One of the most common questions I've been asked most about Power of Attorney (POA) is, what if I don't have a POA and I become incapable of making decisions for myself? My answer is - you're going to create a lot of trouble for your family or whoever needs to help you to manage your affairs.
When an adult needs help managing their affairs because of mental incapability due to an illness, accident, disability or diseases associated with aging, their judgment may be impaired in some way. They may forget to pay bills or put money away and forget where it is. The adult may also be confused about banking, investments, property, and personal belongings. However, they may have planned ahead and authorized someone else to make decisions and managing their financial and legal affairs through an enduring power of attorney.
But what if the adult does not have a POA?
If a POA not in place and someone is needed to assist because the adult is incapable, usually a friend or relative applies to the court to manage the adult’s financial affairs. This is known as a “committee of estate” under the Patients Property Act. Where there are no family or friends who are willing and able to act as committee, the Public Guardian and Trustee (PGT) may be appointed instead.
A committee of estate is a person who is appointed to make financial and legal decisions for an adult who is incapable and requires assistance. A committee of estate has many responsibilities including securing assets, confirming eligibility for benefits, receiving income, paying bills, contracting for services, maintaining, purchasing and selling real property, managing investments, preparing tax returns and appropriately providing for legal dependents. Legal responsibilities include acting as litigation guardian on civil law matters. In carrying out these roles, a committee is required to foster the independence of the adult and encourage the adult’s involvement in any decision making that affects the adult.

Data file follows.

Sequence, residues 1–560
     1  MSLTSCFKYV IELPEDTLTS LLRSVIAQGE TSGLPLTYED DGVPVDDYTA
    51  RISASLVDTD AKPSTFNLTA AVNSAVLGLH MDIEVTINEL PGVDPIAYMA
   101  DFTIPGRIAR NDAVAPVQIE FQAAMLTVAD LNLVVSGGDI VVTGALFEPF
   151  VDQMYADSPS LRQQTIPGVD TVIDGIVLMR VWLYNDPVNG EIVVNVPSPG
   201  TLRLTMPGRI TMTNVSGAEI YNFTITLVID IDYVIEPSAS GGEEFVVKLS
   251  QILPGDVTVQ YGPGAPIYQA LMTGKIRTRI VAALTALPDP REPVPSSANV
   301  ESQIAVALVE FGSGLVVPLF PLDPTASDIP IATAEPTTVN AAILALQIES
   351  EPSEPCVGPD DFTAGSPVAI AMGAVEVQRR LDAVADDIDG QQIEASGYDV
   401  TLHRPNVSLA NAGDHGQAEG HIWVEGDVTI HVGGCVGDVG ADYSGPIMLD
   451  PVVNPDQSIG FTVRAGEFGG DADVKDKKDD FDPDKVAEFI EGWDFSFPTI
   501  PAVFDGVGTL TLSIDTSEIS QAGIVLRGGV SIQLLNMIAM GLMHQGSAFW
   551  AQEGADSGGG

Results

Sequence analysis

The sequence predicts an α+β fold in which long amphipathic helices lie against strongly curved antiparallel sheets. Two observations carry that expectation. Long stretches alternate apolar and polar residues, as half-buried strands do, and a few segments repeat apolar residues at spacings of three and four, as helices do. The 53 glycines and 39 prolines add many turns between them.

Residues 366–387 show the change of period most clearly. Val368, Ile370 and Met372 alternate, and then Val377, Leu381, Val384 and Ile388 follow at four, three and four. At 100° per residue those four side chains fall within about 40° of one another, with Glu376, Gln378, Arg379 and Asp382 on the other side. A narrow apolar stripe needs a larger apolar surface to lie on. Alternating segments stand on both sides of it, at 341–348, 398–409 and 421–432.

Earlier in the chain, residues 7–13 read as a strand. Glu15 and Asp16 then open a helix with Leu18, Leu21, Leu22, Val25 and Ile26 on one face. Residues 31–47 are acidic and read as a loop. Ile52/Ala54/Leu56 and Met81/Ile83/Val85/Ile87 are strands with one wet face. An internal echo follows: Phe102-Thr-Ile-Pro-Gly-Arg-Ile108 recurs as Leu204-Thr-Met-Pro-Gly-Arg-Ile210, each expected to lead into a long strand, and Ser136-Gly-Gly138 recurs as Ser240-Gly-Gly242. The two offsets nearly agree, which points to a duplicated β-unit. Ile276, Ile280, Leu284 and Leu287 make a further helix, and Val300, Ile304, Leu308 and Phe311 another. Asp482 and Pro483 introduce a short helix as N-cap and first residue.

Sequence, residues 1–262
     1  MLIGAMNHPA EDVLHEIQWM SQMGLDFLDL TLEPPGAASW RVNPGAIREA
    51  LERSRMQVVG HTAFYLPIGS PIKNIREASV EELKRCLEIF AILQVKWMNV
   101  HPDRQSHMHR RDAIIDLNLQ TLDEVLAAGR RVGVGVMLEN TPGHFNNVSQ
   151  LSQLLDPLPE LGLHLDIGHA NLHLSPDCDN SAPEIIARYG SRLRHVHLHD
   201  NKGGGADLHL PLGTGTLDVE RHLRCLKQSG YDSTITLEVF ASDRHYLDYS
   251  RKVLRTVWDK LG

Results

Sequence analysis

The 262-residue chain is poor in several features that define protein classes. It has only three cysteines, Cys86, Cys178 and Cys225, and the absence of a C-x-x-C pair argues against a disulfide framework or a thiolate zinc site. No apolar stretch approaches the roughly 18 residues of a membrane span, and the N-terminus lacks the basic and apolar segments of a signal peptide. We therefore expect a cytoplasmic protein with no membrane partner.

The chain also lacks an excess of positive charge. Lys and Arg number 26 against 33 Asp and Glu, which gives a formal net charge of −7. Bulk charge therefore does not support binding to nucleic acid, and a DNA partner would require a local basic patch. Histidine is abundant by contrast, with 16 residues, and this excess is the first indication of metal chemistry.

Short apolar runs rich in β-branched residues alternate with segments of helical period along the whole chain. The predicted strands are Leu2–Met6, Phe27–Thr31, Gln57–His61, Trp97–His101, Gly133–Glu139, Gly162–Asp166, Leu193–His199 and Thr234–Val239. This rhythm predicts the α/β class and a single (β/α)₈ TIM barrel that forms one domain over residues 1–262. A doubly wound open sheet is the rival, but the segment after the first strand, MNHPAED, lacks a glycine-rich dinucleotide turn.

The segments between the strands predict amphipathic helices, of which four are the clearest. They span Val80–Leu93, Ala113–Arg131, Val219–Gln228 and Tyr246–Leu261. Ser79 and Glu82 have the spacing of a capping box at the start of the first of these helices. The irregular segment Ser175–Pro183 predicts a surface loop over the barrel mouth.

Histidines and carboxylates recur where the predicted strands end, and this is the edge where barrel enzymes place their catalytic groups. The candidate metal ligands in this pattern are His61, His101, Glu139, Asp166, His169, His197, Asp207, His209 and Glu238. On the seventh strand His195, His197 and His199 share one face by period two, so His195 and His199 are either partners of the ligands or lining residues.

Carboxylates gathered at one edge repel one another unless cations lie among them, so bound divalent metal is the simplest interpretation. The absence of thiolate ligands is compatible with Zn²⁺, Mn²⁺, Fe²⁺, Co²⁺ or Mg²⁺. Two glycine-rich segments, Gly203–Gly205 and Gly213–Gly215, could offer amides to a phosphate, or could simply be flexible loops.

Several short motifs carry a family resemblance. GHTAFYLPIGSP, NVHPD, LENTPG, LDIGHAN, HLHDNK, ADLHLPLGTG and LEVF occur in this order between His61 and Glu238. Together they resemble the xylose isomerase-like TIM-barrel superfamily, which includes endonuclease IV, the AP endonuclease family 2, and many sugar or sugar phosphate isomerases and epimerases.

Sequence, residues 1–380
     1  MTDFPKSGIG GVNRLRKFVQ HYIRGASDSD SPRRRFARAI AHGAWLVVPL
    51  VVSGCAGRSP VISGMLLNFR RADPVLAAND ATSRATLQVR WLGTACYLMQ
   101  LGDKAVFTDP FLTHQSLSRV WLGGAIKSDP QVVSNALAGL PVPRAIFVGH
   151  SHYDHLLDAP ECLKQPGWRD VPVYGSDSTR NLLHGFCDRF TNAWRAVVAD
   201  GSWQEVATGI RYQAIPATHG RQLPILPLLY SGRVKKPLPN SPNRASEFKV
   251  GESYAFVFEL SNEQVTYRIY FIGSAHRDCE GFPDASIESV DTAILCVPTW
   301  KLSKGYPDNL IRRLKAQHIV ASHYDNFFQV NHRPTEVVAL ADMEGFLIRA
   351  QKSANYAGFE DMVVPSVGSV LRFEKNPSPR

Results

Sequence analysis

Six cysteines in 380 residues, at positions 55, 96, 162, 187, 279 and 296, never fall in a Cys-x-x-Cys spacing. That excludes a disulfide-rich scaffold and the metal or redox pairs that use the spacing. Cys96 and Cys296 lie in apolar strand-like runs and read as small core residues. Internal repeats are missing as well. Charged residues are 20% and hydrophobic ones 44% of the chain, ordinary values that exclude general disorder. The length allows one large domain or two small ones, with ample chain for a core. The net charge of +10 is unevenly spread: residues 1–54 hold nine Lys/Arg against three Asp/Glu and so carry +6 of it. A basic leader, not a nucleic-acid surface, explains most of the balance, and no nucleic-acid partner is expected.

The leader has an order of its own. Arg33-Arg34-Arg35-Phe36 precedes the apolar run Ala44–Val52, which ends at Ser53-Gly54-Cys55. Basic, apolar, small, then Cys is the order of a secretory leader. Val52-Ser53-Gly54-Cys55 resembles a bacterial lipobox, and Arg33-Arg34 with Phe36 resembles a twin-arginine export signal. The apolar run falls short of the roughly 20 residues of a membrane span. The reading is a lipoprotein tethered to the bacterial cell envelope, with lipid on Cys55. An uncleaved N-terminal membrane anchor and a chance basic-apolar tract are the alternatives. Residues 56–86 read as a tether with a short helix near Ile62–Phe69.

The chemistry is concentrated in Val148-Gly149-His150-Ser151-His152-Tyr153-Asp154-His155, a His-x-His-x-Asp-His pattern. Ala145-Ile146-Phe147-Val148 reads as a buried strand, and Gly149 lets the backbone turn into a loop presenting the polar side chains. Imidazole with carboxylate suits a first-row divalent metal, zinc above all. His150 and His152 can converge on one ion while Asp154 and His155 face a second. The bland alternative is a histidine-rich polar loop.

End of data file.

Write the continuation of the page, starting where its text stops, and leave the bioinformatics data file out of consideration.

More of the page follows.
To become a committee, you must apply to the BC Supreme Court to be appointed by an order under the Patients Property Act. But first, you must confirm that the person is mentally incapable. The person’s doctor may be able to help you do that. A committee can be appointed only if two doctors say the person is mentally incapable. You may also engage a lawyer specializing in this area to assist you with the required court documents.
Keep in mind that a committee of estate does not make decisions related to health care, facility placement and living arrangements or other personal decisions. Some or all of these decisions may be made by other types of substitute decision makers such as a committee of person, a representative under a representation agreement or a temporary substitute decision maker for health care. If consent for a health care decision is needed and there is no one else to provide it, the PGT may be authorized to act as a temporary substitute
Sound like a lot of hoops to jump through? Absolutely. That's why planning ahead is important. Preparing a Power of Attorney is much easier and much less expensive than a committee order. The catch is that a person must sign a POA while still mentally capable. So it doesn’t work for a person who is already incapable.
A bit about myself. I am a member of the British Columbia Notaries Public Society. I want to answer some of the most common questions that my clients have through my blog. Hope you find it useful.